I will be at Montreat, NC for an Inklings Conference during next week. I am a bit apprehensive about having wasted my money, as sitting and listening for hours is difficult for me and the Thursday program runs 9-5 with an hour for lunch and then another 75 minutes in the evening. Even Wednesday and Friday look lengthy to these eyes. I prowl restlessly at the back of church as it is and still remember sitting agonisingly in classes as a lad, sometimes even sending my brain away to daydream or count into the thousands to distract my mind from the tedium. It is a rare speaker who can hold me beyond 20 minutes.*
I had hoped to blast out to meet Grim for a beer in Asheville (I think we are equidistant - 30 minutes - from opposite directions) but I am not getting out until 8:15 Wednesday and Thursday, and I no longer push late into the evening. (I've got your email and may give you a try if I decide to skip one of the evening programs, Grim. I'll give notice after scouting out these folks during registration.)
I am not in the Inner Ring of Lewis people (ironic that there are people who clearly enjoy being in the Inner Ring in light of his essay on it), but such is the stuff humans are made of. Still, I know enough of them that there are a full dozen I would like to meet, led by Devin Brown who is a professor at Asbury where my sons went, and only three, maybe four, I hope not to get trapped with. Those are, unsurprisingly very much Inner Ring people who love talking about having had tea with Walter Hooper and the like.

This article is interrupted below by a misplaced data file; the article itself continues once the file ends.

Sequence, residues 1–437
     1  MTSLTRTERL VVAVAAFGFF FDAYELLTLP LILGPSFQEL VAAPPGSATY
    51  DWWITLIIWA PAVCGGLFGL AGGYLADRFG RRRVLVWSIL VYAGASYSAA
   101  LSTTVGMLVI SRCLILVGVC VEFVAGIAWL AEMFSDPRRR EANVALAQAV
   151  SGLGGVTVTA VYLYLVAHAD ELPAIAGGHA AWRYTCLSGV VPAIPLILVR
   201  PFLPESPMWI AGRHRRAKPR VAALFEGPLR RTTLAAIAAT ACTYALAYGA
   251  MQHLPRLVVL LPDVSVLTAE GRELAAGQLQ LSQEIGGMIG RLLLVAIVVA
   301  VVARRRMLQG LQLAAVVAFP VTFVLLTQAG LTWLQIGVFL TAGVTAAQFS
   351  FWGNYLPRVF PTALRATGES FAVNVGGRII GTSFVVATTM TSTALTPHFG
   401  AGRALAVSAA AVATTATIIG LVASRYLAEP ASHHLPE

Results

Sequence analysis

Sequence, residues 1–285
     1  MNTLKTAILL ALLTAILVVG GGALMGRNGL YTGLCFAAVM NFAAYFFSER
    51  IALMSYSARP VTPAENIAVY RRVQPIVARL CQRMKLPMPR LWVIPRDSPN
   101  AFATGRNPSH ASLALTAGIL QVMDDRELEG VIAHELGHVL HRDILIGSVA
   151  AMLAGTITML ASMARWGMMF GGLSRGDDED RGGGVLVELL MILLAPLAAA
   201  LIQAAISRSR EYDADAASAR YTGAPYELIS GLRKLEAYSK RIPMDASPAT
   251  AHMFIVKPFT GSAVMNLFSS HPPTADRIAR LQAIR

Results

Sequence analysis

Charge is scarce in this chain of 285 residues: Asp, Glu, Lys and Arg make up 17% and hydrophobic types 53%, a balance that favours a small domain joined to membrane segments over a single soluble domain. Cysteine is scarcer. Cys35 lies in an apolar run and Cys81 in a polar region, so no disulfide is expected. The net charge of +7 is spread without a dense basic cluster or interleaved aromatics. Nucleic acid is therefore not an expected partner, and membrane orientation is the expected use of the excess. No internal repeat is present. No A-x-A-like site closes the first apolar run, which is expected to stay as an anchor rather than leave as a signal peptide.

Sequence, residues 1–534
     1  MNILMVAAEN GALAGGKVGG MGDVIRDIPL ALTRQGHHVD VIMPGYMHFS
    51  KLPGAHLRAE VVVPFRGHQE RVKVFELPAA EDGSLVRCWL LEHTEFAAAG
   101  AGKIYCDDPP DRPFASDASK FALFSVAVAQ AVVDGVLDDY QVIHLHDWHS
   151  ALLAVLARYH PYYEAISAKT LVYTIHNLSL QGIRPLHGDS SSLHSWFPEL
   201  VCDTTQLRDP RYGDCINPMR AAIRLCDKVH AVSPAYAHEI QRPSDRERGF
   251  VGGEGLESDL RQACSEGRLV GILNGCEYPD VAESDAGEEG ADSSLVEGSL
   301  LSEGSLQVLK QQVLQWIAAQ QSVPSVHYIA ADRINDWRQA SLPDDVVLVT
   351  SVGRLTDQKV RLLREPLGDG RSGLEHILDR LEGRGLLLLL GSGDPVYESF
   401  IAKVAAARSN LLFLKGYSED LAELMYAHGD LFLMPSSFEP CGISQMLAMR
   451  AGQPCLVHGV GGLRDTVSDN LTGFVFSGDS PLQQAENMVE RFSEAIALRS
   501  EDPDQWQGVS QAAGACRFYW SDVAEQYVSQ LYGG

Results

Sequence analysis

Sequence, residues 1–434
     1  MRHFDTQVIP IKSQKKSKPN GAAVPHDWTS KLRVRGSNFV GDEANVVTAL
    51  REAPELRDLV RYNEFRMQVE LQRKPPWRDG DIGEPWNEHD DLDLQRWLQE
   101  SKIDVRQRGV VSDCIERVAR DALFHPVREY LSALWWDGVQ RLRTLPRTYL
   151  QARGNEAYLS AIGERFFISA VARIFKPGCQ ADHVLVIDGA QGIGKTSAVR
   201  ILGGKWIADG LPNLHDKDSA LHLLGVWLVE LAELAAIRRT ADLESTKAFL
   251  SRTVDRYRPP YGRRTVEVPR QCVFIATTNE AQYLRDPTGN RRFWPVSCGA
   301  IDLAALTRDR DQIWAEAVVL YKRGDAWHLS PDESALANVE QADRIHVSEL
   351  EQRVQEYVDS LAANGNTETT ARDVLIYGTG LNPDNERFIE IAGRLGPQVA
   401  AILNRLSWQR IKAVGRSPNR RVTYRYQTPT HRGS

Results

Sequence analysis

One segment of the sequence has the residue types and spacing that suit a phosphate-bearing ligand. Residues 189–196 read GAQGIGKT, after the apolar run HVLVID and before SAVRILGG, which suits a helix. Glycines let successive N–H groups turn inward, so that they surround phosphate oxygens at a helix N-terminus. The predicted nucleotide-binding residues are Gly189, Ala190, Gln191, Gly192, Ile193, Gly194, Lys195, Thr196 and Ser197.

If I absorb anything worth mentioning I will certainly mention it.
*Even the exceptions prove (the word means test in that context, not the silly idea that a counterexample actually reinforces a theory. Think proof as in alcohol, or "proving grounds," or "the proof of the pudding is in the eating." [And now you have a second correction of a common idea that the saying is 'the proof is in the pudding.']) the rule and uphold it. When I went to overnight six-week advanced studies one summer in high school we had 3.5 hours of math every morning and lots of homework. I was enraptured and had the grade of Superior for weeks 1&2. Weeks 3&4 I hit Satisfactory. But by then I was obsessed with a girlfriend, was playing in an impromptu band in chapel, and had secured a role in "Lysistrata." And was diagramming plays for the 6-man flag football intramural with other slackers. And playing in BASIC to devise a program that wrote poetry. (The mind grew where the brain withdrew was the best line out of hundreds.) Weeks 5&6 you can imagine. I had Unsatisfactory grades, figured I had to rally for the final, and did eventually pass. We did not know what ADHD was at the time, nor that OCD should be classified as an anxiety disorder. BTW, I have counted to 10,000 a few dozen times in my life when I have been in situations where I had to be in place. That's three hours, and usually occurred after a couple of hours of daydreaming proved insufficient. I fixed it. I can now daydream about five hours, especially if I am walking or driving. So even when things are fascinating I have limits, and that's not good. Yet that's why you come here, isn't it, because I not only write about the subjects that fascinate you, but throw in a few others that you have at least passing interest in. I'd say it was a Smörgåsbord, but that is usually repetitive, with 4M versions of herring and salmon and lutfisk, followed by ham and potatoes, followed by small amounts of fruit, cheese, and nuts. It sounds like a lovely variety but is mostly just herring and salmon, but you don't notice because of the quantities of aqvavit, snapps, and glogg you have consumed. Hey, the footnote is longer than the post! There was a recent novel that did that, sci-fi maybe, where whole chapters were footnotes. Cool idea but it would make me crazy.